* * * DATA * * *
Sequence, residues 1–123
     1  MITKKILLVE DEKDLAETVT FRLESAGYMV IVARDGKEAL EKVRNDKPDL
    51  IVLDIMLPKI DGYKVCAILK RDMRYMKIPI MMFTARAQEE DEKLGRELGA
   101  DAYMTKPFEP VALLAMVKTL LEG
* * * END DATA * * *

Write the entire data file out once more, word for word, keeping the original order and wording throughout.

Sequence, residues 1–123
     1  MITKKILLVE DEKDLAETVT FRLESAGYMV IVARDGKEAL EKVRNDKPDL
    51  IVLDIMLPKI DGYKVCAILK RDMRYMKIPI MMFTARAQEE DEKLGRELGA
   101  DAYMTKPFEP VALLAMVKTL LEG